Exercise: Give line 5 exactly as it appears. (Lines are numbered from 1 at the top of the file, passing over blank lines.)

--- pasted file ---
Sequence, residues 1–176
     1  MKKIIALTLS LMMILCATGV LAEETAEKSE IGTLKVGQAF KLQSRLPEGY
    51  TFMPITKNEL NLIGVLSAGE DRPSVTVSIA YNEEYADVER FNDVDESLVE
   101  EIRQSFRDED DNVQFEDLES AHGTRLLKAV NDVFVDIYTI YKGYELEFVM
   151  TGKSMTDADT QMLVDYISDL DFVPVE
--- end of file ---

   151  TGKSMTDADT QMLVDYISDL DFVPVE